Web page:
Peanuts 1/2 cup 1.5
Potato 1 1.1
Sweet potato 1/2 cup 1.0
Green beans 1/2 cup 1.0
Egg 1 1.0

TABLE 3: Iron content of some common foods rich in iron, divided by heme-iron (more easily absorbed) and non-heme iron (less easily absorbed, by a factor of about 10). These are also grouped according to type of source; note the variation in iron content among different varieties of a food type (6).

Heme-iron Food Source Serving Size Iron (mg)
Beef, corned 3.0 ounces 2.5
Beef, lean ground; 10% fat 3.0 ounces 3.9
Beef, round 3.0 ounces 4.6
Beef, chuck 3.0 ounces 3.2
Beef, flank 3.0 ounces 4.3
Chicken, breast w/out bone 3.0 ounces 0.9
Chicken, leg w/bone 2.0 ounces 0.7
Chicken, liver 3.0 ounces 7.3
Chicken, thigh w/ bone 2.3 ounces 1.2
Fish, cod, broiled 3.0 ounces 0.8
Fish, flounder, baked 3.0 ounces 1.2
Fish, salmon, pink canned 3.0 ounces 0.7
Fish, shrimp, 2 1/2 inch 1.1 ounces 0.5
Fish, tuna, canned in water 3.5 ounces 1.0
Pork, lean ham 3.0 ounces 1.9
Pork, loin chop 3.0 ounces 3.5
Turkey, dark meat 3.0 ounces 2.0
Turkey, white meat 3.0 ounces 1.2

Non-iron Food Source Serving Size Iron (mg)
Almonds, raw 10-12 each 0.7
Beans, baked, canned 1/2 cup 2.0
Beans, kidney 1/2 cup 3.0
Beans, lima 1/2 cup 1.8
Fruit, apricots, dried 10 each 1.7
Fruit, dates 10 each 1.6
Fruit, prune juice 1/2 cup 1.5
Fruit, raisins, not packed 1/4 cup 1.0
Rice, brown 1 cup* 1.0
Rice, white enriched 1 cup* 1.8
Vegetables, broccoli, raw 1 stalk 1.1
Vegetables, peas, frozen 1/2 cup* 1.3
Vegetables, spinach 1/2 cup* 2.0
Wheat, bagel 1 whole 1.5
Wheat, bread, white 2 slices 1.4
Wheat, bread, whole wheat 2 slices 1.7
Wheat, macaroni, enriched 1 cup* 1.9
Wheat, spaghetti, enriched 1 cup* 1.6
*serving size and iron content is for cooked food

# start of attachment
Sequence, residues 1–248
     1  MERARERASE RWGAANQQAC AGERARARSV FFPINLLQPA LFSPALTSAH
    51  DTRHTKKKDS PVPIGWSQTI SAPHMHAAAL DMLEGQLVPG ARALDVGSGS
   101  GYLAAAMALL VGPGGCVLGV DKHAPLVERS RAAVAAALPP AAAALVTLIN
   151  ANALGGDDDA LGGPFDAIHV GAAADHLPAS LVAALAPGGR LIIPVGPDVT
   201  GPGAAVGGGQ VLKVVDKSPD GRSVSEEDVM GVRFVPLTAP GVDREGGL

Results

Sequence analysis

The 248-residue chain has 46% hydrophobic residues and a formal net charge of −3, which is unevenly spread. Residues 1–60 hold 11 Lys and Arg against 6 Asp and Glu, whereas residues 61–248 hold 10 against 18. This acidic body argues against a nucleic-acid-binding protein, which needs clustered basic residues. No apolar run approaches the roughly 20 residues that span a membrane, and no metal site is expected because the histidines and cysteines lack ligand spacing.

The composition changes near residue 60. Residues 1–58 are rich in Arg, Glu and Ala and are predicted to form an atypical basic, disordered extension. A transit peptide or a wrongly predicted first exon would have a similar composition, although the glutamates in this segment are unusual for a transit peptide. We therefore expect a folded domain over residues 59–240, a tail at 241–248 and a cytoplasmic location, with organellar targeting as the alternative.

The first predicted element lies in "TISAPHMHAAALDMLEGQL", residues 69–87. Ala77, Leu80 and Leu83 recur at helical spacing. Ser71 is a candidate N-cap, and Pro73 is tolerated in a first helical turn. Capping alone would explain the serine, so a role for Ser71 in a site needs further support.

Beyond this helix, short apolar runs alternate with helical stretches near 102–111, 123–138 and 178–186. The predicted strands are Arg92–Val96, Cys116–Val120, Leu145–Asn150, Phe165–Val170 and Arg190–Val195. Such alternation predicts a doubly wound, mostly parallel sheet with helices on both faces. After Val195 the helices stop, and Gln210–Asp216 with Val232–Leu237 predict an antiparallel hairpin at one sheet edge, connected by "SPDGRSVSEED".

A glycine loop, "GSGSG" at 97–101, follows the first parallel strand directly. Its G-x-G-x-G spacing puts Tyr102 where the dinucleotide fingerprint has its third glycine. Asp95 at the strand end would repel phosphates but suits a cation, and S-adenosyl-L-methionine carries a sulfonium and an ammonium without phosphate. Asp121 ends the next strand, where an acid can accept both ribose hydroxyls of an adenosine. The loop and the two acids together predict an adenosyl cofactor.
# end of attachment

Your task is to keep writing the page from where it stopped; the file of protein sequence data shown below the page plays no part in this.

Iron supplements are readily available, and can provide quantities of iron that range from 10 to 40 mg per daily dose. There are potential problems with some iron supplements, of which the greatest is getting too much iron. Excess intake of iron can cause constipation, impair the uptake of essential trace minerals, and contribute to a higher state of oxidative stress (iron is one of nature's most potent oxidants). Children who accidentally consume large amounts of iron are most susceptible to the adverse effects and the single most commonly reported poisoning from supplements is due to children getting into packages of iron supplements (all supplements providing iron are now required to have child-proof caps). In 2001, the Institute of Medicine set a tolerable upper intake level of 40 mg per day for infants and children through age 13 and 45 mg per day for ages 14 and over. Generally, supplement recommendations, even for severe iron deficiency anemia, are for less than 40 mg/day, because at that level people can experience nausea and other immediate reactions. In an attempt to maximize iron supplementation without evident side effects, many suppliers of supplements for prescription by nutritionists provide 27 mg/day, the highest amount that is associated with a low incidence of complaints. In addition to maximizing iron levels in the supplements, the manufacturers also attempt to maximize its absorption by using iron glycinate and by including vitamins (mainly vitamin C and several B vitamins) that enhance the absorption of iron.